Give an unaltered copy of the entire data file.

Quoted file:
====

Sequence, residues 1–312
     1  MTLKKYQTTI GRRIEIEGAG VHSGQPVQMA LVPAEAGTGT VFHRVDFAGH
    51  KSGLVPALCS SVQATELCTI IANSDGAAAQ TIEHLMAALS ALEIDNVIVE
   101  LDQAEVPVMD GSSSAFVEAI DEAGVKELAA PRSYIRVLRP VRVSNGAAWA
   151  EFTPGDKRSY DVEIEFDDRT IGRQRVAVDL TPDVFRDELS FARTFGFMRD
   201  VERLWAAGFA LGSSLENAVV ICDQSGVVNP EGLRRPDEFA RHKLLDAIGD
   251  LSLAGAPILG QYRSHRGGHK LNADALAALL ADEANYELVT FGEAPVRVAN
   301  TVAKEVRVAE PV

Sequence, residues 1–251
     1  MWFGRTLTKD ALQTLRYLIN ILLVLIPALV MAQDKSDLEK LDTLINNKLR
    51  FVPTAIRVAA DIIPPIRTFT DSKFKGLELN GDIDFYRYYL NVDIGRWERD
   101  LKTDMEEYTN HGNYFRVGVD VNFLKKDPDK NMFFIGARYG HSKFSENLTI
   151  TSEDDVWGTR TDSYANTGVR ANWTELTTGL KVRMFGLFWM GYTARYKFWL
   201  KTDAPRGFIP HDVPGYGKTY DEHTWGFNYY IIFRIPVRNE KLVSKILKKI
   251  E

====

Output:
Sequence, residues 1–312
     1  MTLKKYQTTI GRRIEIEGAG VHSGQPVQMA LVPAEAGTGT VFHRVDFAGH
    51  KSGLVPALCS SVQATELCTI IANSDGAAAQ TIEHLMAALS ALEIDNVIVE
   101  LDQAEVPVMD GSSSAFVEAI DEAGVKELAA PRSYIRVLRP VRVSNGAAWA
   151  EFTPGDKRSY DVEIEFDDRT IGRQRVAVDL TPDVFRDELS FARTFGFMRD
   201  VERLWAAGFA LGSSLENAVV ICDQSGVVNP EGLRRPDEFA RHKLLDAIGD
   251  LSLAGAPILG QYRSHRGGHK LNADALAALL ADEANYELVT FGEAPVRVAN
   301  TVAKEVRVAE PV

Sequence, residues 1–251
     1  MWFGRTLTKD ALQTLRYLIN ILLVLIPALV MAQDKSDLEK LDTLINNKLR
    51  FVPTAIRVAA DIIPPIRTFT DSKFKGLELN GDIDFYRYYL NVDIGRWERD
   101  LKTDMEEYTN HGNYFRVGVD VNFLKKDPDK NMFFIGARYG HSKFSENLTI
   151  TSEDDVWGTR TDSYANTGVR ANWTELTTGL KVRMFGLFWM GYTARYKFWL
   201  KTDAPRGFIP HDVPGYGKTY DEHTWGFNYY IIFRIPVRNE KLVSKILKKI
   251  E